Wednesday, May 23, 2012

Managing Risk Factors to Prevent Migraines

Conference Notes The latest genetic and biological research shows that migraine is most likely a neurological, not a vascular, disorder and newer treatments in development target peripheral and central nervous systems, according to David Dodick, MD, speaking at American Pain Society's 31st Annual Scientific Meeting in mid-May 2012. Migraine is generally an inherited disorder characterized by physiological changes in the brain involving central neuronal modulation, as well as structural brain changes if attacks occur frequently; so, it is essential that practitioners help patients to utilize preventive strategies.

Dodick, who is professor of neurology at Mayo Clinic in Phoenix, Arizona, noted in his plenary session talk that migraine is among the most prevalent and debilitating medical conditions, afflicting an estimated 10% percent of the world’s population. In the United States, the Institute of Medicine recently reported that 40 million persons have migraine, he said. “While migraine research has been massively underfunded and the disorder often is clinically dismissed as a ‘headache,’ its genetic and biological basis is increasingly coming into focus as the result of considerable scientific advances over the past two decades.”

Current acute migraine medications, such as triptans, were developed to constrict cerebral blood vessels, based on the prevailing concept that migraine is a vascular headache disorder. However, Dodick stated, “I believe that [migraine] activity can begin in the central neurons themselves,” which can be characterized as cortical spreading depression or “activation,” and may also account for the biological basis of migraine aura that occurs in approximately 30% of those who suffer migraine.

Advances in migraine knowledge have led to the development of promising new and selective compounds and therapies for both acute and preventive treatment of migraines. “All effective migraine prevention drugs inhibit cortical spreading depression,” Dodick observed, “including gabapentin and memantine, which are used off-label.” Peripheral and central neurostimulation to prevent migraines is being explored, including deep brain and transcranial magnetic stimulation. Furthermore, a number of newer agents under development target central neurotransmitters and their receptors, including NMDA receptor antagonists, selective 5HT1F, nNOS, ASIC-3 agents, and calcitonin gene-related peptide receptor antagonists, or GEPANTS. Depot injections of monoclonal antibodies are also in development.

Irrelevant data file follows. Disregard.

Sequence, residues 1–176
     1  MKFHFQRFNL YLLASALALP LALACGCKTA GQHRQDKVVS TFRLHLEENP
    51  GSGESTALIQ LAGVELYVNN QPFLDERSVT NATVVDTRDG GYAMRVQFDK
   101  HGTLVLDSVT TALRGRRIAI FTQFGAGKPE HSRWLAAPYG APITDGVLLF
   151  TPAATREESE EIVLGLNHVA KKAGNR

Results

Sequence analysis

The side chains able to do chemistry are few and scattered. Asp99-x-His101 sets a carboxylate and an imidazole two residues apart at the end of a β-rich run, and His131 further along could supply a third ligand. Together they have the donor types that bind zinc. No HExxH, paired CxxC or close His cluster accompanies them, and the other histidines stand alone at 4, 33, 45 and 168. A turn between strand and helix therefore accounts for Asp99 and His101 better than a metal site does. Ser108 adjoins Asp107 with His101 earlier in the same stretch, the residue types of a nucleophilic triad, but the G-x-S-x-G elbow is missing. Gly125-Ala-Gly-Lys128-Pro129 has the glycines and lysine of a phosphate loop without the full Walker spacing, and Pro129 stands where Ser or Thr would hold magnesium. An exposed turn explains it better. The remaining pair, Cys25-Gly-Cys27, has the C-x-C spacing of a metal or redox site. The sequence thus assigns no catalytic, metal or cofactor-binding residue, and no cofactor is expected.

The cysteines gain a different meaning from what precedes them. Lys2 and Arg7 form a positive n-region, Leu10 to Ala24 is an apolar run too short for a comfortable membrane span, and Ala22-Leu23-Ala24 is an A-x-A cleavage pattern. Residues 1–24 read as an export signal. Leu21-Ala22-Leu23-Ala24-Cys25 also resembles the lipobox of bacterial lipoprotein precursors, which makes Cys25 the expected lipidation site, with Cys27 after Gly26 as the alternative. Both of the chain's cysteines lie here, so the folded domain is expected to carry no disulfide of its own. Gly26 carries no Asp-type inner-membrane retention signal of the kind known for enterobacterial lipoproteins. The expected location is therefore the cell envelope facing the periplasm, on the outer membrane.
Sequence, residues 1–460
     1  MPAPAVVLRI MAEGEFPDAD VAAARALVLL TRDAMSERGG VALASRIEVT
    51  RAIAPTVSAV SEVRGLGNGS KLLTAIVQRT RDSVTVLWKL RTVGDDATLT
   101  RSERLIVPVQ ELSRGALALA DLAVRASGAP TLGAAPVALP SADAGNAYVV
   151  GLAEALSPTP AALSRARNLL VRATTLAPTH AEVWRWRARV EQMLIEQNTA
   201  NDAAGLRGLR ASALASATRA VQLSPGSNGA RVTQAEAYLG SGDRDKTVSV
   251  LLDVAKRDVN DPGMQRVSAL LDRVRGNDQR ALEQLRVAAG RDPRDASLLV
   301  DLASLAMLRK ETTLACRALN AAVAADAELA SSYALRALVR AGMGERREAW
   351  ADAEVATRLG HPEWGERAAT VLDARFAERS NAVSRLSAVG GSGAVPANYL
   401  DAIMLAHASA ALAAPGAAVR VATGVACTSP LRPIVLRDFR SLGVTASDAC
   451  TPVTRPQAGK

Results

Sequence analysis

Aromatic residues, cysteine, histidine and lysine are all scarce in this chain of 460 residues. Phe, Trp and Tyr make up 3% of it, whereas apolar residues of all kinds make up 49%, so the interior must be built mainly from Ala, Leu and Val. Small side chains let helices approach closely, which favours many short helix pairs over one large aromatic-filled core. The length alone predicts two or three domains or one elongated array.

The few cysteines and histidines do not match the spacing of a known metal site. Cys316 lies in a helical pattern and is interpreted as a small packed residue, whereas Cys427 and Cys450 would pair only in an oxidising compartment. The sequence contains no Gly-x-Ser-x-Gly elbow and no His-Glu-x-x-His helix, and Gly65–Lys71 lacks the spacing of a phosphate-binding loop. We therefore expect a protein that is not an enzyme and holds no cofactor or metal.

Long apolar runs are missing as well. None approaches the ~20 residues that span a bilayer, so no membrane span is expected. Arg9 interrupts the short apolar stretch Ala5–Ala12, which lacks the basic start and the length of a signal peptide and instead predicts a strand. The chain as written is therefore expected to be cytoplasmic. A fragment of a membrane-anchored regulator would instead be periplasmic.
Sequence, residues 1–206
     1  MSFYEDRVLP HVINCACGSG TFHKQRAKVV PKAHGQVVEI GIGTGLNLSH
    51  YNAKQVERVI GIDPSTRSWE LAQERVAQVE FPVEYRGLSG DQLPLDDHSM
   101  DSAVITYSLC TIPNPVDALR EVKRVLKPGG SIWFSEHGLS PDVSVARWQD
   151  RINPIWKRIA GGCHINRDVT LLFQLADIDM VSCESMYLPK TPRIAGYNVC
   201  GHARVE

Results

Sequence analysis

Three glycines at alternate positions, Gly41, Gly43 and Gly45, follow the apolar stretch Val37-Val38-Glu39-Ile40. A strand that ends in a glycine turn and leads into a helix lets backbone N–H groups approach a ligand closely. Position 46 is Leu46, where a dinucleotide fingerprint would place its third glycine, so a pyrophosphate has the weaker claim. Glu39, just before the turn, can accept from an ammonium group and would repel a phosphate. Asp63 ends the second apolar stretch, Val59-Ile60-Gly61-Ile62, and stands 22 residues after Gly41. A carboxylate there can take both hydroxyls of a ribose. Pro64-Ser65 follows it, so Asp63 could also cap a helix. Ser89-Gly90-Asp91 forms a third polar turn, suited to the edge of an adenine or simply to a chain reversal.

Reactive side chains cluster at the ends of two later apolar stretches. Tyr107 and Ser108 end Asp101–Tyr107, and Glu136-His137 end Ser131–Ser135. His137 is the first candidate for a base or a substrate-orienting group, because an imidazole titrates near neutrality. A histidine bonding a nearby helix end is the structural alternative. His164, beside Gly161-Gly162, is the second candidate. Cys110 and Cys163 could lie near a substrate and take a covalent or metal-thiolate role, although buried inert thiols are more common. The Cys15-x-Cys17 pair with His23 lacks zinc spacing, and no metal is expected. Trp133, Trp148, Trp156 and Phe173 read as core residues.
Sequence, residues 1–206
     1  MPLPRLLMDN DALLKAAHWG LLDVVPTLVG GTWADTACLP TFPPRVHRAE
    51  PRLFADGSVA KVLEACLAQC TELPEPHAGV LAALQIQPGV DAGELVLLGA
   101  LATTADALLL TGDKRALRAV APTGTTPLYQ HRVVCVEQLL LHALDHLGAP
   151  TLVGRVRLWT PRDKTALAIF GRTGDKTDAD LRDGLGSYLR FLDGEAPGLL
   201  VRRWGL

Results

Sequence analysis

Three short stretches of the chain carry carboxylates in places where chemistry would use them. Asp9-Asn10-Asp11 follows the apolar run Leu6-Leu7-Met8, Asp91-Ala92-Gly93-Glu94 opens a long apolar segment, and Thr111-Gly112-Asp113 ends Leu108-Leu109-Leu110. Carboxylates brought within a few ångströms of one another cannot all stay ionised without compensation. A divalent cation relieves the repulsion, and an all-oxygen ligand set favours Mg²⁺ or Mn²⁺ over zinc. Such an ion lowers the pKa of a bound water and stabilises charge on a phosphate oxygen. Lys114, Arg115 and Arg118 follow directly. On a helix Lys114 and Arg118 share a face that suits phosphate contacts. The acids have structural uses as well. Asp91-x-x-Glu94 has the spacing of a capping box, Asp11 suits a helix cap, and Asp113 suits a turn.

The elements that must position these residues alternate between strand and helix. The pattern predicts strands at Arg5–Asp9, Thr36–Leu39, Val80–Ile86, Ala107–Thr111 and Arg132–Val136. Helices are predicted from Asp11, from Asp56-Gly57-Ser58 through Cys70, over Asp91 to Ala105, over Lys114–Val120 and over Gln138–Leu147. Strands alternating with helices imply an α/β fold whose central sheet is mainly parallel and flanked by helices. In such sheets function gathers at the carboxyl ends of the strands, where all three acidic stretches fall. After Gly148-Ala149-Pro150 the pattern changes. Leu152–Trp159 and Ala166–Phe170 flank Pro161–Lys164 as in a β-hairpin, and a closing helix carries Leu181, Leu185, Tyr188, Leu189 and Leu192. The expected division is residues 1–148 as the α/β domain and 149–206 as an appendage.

Dodick emphasized that practitioners should think about the treatment of migraine in a disease model context, similar to hypertension or diabetes. However, certain migraine risk factors are not modifiable: being female, of low socioeconomic status, experiencing head trauma, and genetics. The basis for preventive treatment is understanding what underlying risk factors for migraine can be modified or eliminated before migraine attacks become more frequent.

Major risk factors include overuse of acute medications, particularly opioids, barbiturates, analgesics and triptans, depression and other mood disorders, obesity, snoring, and excessive caffeine intake. Dodick believes that controlling risk factors can help prevent episodic migraine patients from becoming chronic pain sufferers, and this can be done effectively in primary care settings if practitioners are educated on migraine prevention strategies. For example, he noted that obese people have a 5-fold risk for developing migraine and depressed individuals have a 3-fold higher risk; so treating these risk factors can be an effective prevention strategy.

Dodick further noted, “About 40% of migraine patients are candidates for preventive treatments but only 10% receive them.” In April, the American Academy of Neurology and the American Headache Society announced new guidelines for migraine treatment, he said, which endorse preventive therapies using a wide variety of medications from antidepressants to blood pressure lowering drugs to plant extracts.

These two guidelines documents can be accessed free via as follows:

  • Pharmacologic Treatment for Migraine Prevention in Adults [here]

  • NSAIDs and Other Complementary Treatments for Migraine Prevention [here]

“The new AAN guidelines illustrate that there are many treatments for which there is substantial evidence to support their safety and efficacy for the preventive treatment of migraine,” said Dodick. “Physicians should use the guidelines to individualize treatment, based on coexisting and comorbid conditions which may be present in their patients, with medications that have the highest level of evidence.” Acute treatments are taken when a migraine attack occurs, but preventive regimens should be taken every day to avoid attacks or lessen their severity and duration. “Some studies have shown that that migraine attacks can be cut in half or more with preventive treatments,” Dodick concluded.

> American Pain Society news release, May 19, 2012 [
access here].
> Newswise press release, May 17, 2012 [
access here].

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